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UNLV William S. Boyd School of Law
Boyd Briefs: December 13, 2013

From Dean Dan

I am delighted to report that Professor Anne Traum has been appointed to serve as Boyd's first Associate Dean for Experiential Legal Education. Dean Traum will oversee the development and implementation of the many parts of the curriculum specifically geared toward preparing lawyers for the real world of practice through the school's legal clinics, externship program, and experiential learning. These experiential opportunities are essential to educating law students and giving them a competitive edge in the job market. Boyd has outstanding experiential learning programs, including our nationally recognized legal clinics and our thriving externship program, and I want to thank Dean Traum for taking on this leadership role at a time when first-rate experiential learning is a more and more important part of legal education. For more information, please see:

For friends and alums of Boyd who might be in New York or close by in January, I want to invite you to Boyd's reception at the 2014 Annual Meeting of the American Association of Law Schools.

AALS Reception
Boyd Reception at the 2014 AALS Annual Meeting
Friday, Jan. 3, 2014 | 6:30-7:30 p.m.


Dean & Richard J. Morgan Professor of Law

Linda Berger


Linda Berger is one of the Boyd School of Law’s most frequently cited faculty members. Her work is recognized and used because it is especially creative and important. Professor Berger draws upon principles of rhetoric, composition, metaphor, narrative theory, and cognitive psychology to answer and deconstruct questions such as how judges decide cases, how lawyers persuade judges, and how law schools teach legal writing. This is scholarship with impact.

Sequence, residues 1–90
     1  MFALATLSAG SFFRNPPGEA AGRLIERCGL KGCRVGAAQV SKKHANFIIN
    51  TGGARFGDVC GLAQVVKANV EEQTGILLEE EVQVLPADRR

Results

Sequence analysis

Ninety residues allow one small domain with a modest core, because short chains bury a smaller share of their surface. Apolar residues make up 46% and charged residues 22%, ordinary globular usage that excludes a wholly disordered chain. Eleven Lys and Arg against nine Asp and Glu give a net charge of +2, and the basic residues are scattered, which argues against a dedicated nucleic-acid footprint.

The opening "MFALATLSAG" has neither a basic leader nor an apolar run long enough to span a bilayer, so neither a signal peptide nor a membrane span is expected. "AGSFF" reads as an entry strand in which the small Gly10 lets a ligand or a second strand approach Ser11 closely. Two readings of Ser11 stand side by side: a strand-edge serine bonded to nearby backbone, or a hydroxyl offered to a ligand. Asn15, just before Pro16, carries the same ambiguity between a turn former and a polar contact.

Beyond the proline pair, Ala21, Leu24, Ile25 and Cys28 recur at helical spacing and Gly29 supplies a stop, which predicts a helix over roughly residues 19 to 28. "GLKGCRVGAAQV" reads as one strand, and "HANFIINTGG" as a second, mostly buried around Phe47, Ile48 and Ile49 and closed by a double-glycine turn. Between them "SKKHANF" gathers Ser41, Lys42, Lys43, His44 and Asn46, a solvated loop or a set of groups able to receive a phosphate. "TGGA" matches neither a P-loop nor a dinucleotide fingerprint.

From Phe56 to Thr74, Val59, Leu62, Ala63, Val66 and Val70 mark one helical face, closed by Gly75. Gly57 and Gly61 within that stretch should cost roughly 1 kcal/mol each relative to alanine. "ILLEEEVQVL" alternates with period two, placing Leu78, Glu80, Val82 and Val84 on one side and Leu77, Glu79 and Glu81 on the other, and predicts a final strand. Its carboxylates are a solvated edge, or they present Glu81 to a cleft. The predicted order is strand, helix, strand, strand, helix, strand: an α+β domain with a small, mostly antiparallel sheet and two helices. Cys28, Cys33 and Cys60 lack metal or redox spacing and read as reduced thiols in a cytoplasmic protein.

In one recent article, Professor Berger explained how judicial intuition is misunderstood. Specifically, she offered A Revised View of the Judicial Hunch. Exploring the psychology of judging, Berger reconciled two branches of cognitive psychology research that, on the surface, appear at odds with each other. One of these branches has verified that intuitive mental shortcuts, or heuristics, often lead to mistakes and cognitive biases. But another branch has verified that intuition is a common and successful method of problem-solving. Her reconciliation suggests that both branches are applicable in the context of judging, but with separate domains for each. To simplify her argument, reliance upon intuition should be discouraged when judges make one-dimensional determinations or predictions; in these instances, judges are vulnerable to the same mistakes and cognitive biases that plague non-judges. Here she explains how intuition closes minds. But when it comes to matters that are multivariate and require expert problem-solving, the intuition of judges often leads to workable and effective decisions. This careful and elegant article is a thoughtful response to the popular sentiment (captured by the first branch) that has given intuition a bad reputation. Berger demonstrates that when properly invoked (as channeled by the second branch), intuition actually opens minds.

Professor Berger is part of a cohort of faculty members at the Boyd School of Law faculty that writes about law and psychology. She also teaches in Boyd’s highly regarded lawyering process curriculum.


Tanya Fraser


The 19 years leading up to her arrival at the Boyd School of Law in August 2012 found Tanya Fraser working in the casino industry as a table games dealer, instructor, and floor supervisor. For a number of those years, she worked at Native American casinos in California. That experience was eye-opening. “Compliance with federal regulations and state compacts often seemed to conflict with a primary purpose of tribal governments -- providing for the welfare of their people,” Tanya observed.